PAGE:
This got me searching far and wide in search of a suitable IC which can fit our needs. Those normal SMD IC packages which you see in most electronic devices like TSSOP, QFN etc are around 1mm(1000μm) in thickness. I thought ICs in smaller thicknesses are impossible to find. But I was able to find an NFC tag IC from NXP semiconductors, NTAG213 Series(Datasheet). NFC is a spinoff from the RFID technology with a bit more features.(Check here for differences between RFID and NFC).

Salient features of the NTAG213 IC which got me hooked were

  • Contactless transmission of data and supply energy (Perfect for us)
  • Operating frequency of 13.56 MHz(Higher frequency means better range of detection)
  • 7-byte unique serial number (Effectively 256 = 72 quadrillion or 72,000 Trillion Unique IDs. That’s a huge number)
  • True anti-collision(Important for us, will come up later)
  • Data retention time of 10 years (Good enough for a lifetime of a currency note)
  • Physical size of the IC package is only 75μm in thickness(That’s the Jackpot for us right there)

Right! Now we got IC we need, now for the loop antenna part.

Now let’s lay down the specs for our design, let’s say if we are to embed an IC on the note and make sure that it is trackable, we need to define a range of the tracking.

So what I am proposing now is this, Each note of  ₹2000 will be tracked at all cash counters of all banks as its where money technically comes into circulation and also in most point of sale counters. So if we assume the tags to be embedded in notes, I want the notes to be trackable in public places, toll counters, state borders(to monitor cash inflow and outflow via roads) without introducing any sort of inconvenience to the public. So that means our RFID reader must be able to read information from any person/vehicle carrying a currency note in a 15m radius.

Right now, I am not putting any restrictions in the RFID reader design, meaning I am not constraining it in its size or its power requirements because I intend it to be a fixed installation.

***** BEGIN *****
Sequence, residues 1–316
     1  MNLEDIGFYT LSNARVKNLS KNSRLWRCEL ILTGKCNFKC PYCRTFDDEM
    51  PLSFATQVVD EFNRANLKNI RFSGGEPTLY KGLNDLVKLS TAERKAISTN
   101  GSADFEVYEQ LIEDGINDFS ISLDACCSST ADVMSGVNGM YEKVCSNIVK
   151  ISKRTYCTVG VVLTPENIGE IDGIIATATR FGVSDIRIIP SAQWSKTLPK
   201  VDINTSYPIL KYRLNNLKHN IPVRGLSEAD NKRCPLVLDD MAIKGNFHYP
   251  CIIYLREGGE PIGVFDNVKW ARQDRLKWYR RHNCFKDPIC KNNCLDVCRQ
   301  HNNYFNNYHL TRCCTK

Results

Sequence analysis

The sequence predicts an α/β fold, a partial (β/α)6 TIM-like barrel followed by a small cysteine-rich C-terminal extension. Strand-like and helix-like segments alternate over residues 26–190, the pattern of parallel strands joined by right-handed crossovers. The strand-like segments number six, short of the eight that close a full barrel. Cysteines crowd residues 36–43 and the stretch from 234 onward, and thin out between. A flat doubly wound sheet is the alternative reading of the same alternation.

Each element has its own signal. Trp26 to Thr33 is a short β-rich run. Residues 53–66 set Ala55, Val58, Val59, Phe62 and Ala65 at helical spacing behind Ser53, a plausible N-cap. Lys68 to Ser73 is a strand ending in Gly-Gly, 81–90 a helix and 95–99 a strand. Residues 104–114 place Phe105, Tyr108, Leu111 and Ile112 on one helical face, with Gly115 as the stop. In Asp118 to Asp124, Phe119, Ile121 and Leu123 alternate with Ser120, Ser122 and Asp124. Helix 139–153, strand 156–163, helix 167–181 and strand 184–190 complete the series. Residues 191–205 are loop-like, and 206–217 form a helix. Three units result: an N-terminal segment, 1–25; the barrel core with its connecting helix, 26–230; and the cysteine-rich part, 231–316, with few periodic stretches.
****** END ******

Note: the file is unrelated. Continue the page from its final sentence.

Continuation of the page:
Problem with most current RFID(or NFC ) tags is that it’s really meant for short range (few inches) data transfer with its reader. So we need to build one with a longer range.

So what are the major things that affect its range? (Check here for the full list)

  • Gain of the reader antenna. Larger they are, the better.
  • Higher power output of the reader antenna
  • Tag size(Ours is restricted to the maximum size of the currency)

Tags work by getting its energy from the magnetic field by the RFID Readers, so larger the magnetic field(by larger size or larger power output) farther away the tag can be for detection.

Now we get into designing of the loop antenna section for our tags. The maximum size of the antenna for us is determined by the currency note size, which is 66m x 166mm for a ₹2000 note. But this size is actually good for us because it gives us almost double the antenna size which can typically fit a credit card sized RFID card.

If you are really interested to read about loop antenna design and how much magnetic field needs to be generated at the tag’s antenna I really recommend going through this brilliant AN710 – Application note from Microchip regarding Antenna design for RFID applications. I am not going in-depth on how to design one for our application.  (I did some rough calculations based on our design and came to know that it’s fairly simple to design one with our requirements). By tweaking the power and size of the RFID reader we should be able to get a 15m range.

For our design, I am proposing to go ahead with the printed versions of the loop antenna and not the enameled copper wire design which is usually used in RFID tags because of the thickness constraints.

So till now we have fixed 3 things:

  • Our main IC: NTAG213

  • Loop antenna design

  • Loop antenna’s printed form factor

How does all this come together in a currency note?